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Milo Manara: Sometimes Great Isn’t Good Enough

January 16th, 2013 by | Tags: ,

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drawn by Milo Manara, yapped from Marvel Unveils Milo Manara “Uncanny Avengers” #2 Variant – Comic Book Resources)

Milo Manara is like Frank Cho, in that he’s very good at one specific thing and really good at a few other things, but he got so good at that first thing that the rest of the work sometimes suffers.

Frank Cho draws great busty women and decent thick women. That’s his thing, and I feel like only one of those dudes that draws Cavewoman — I think I’m thinking of Budd Root and early Devon Massey, and even that’s a reach — could go bar-for-bar with him in that very specific race. But Cho’s storytelling and focus has suffered as a result. The sexy girls seem like crutches, immaculately drawn though they may be, and nothing else in his stories has been clicking half as well as the girls do. That’s part of why Liberty Meadows works for me while his later work hasn’t — he could indulge the funny animal/dumb joke side of himself in addition to the carnival boobs, so there was something more to read the series for beyond “What unlikely-but-sexy pose is Cho going to draw a hot girl in this time?”

Manara’s similar. He’s fantastic at drawing a specific type of woman. His women possess a smoldering sexiness, one that’s probably best typified by Megan Fox these days. It isn’t entirely my bag, maybe because it isn’t as close to being in line with my tastes as Cho’s trunked out girls are, but I can still recognize how unbelievably talented he is sometimes. He tends to draw women who are (often literally) two panels away from being in full erotic ecstasy, with their head thrown back and hair blowing in the wind and mouth a perfect O.

It sounds familiar and lazy, but there’s an art to it. A lot of the empty cheesecake we complain about in cape comics is approach Manara’s throne, but it gets screwed up at the most basic level. Manara knows what he’s doing, and it shows.

But, as near as I can tell… that’s about all he does. I mean, he’s still an incredible draftsman, but like Cho, his women have a certain gravity. They feel like the real focus of the story to me at this point, like each story is a vehicle that exists just so that you can see Manara (or Cho) draw pretty girls.

Which is fine, on a certain level… X-Women was interesting, if neutered, and Cho’s Shanna was pretty okay, but again, felt neutered. But it gets old so fast. Their new work feels like echoes of their old work, but without the swing and passion that made the old work so interesting. You know that these guys can go in, but it just feels like a book that was created on autopilot.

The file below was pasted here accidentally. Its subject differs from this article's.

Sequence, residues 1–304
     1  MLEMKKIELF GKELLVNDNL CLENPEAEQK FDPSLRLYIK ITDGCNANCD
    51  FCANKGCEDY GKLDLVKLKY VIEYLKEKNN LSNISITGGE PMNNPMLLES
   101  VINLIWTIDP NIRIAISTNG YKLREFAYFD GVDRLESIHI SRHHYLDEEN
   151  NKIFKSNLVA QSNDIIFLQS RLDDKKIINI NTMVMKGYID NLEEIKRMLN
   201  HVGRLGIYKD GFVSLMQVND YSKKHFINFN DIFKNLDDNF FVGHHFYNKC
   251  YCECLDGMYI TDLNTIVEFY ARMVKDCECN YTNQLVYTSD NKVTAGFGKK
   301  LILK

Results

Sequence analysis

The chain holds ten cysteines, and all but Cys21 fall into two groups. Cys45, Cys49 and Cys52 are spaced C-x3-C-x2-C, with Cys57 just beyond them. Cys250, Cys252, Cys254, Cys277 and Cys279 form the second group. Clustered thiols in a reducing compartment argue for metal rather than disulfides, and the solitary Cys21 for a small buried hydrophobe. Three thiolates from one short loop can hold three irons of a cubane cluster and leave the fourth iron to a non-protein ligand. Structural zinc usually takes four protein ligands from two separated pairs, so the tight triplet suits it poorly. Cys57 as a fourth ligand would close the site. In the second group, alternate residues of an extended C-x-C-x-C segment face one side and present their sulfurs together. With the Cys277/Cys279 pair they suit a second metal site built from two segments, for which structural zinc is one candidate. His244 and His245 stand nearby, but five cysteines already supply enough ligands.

It’s one thing to see something familiar done well, but seeing something done well in the exact same way over and over and over… it gets boring, no matter how solid it is. So you end up with things like this shot of the Scarlet Witch, which is drawn very well but uninteresting beyond the weirdness of one of the greatest porno artists ever drawing Marvel characters. When you expand it to include the rest of his covers, which are similarly vacant… I dunno. It ain’t working for me.

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20 comments to “Milo Manara: Sometimes Great Isn’t Good Enough”

  1. Through pain and trial, I’ve discovered that the best way to gauge Manara’s enthusiasm for a project is to check if he’s *trying* to draw the female characters as distinguishable from one another on any substantive level beyond hair and skin tone. He didn’t even do his own colors on X-Woman (the Euro release was b&w), and if you compare that to his French series, Borgia, which he was doing at the same time… it’s pretty obvious where his attention was.


  2. Nobody ever went broke drawing sexy ladies in comics.*

    *Unverified statement with no fact checking.


  3. I’d throw Los Bros Hernandez in the division, at least Jaime on the thick girls thing.

    Anyway…that’s a fair assessment of both Cho and Manara. I feel like Alex Ross is in the same camp, just not as a cheesecake guy: his stories are largely an excuse to see (and I almost wrote “watch”, but that’s kind of the problem, there’s little motion to watch) painterly realistic/majestic superheroes pose around.

    “Gravity” is a good term for that kind of thing.


  4. I understand what Manara does, and I suppose he does go whole-hog compared to a Greg Land tracing porn or whatever, but I just don’t see why it’s laudable or impressive. Calling X-Women “interesting” mystifies me, I found it to be an incredible waste of time after several reviewers had breathless praise for the artwork. If he’s good at drawing porn, let him draw porn. I’d say leave the franchise characters out of it, but Marvel probably knows what they’re doing when they put $4.99 on the cover of a book like that.


  5. Well said, and well said Spankminister too.


  6. @Spankminister: It’s not just about the nudity or an artist’s willingness to go full DVDA or whatever in their porno art. It’s about the craft. Manara is an incredible storyteller when he wants to be, which is why his drawing of a girl in open-mouthed ecstasy has value that Greg Land has never been able to match. Land is moving around colorforms on a page. Manara’s creating something that holds up to scrutiny and fulfills some desire that we have, whether prurient or action-oriented.

    It’s not about what he draws so much as how he draws it.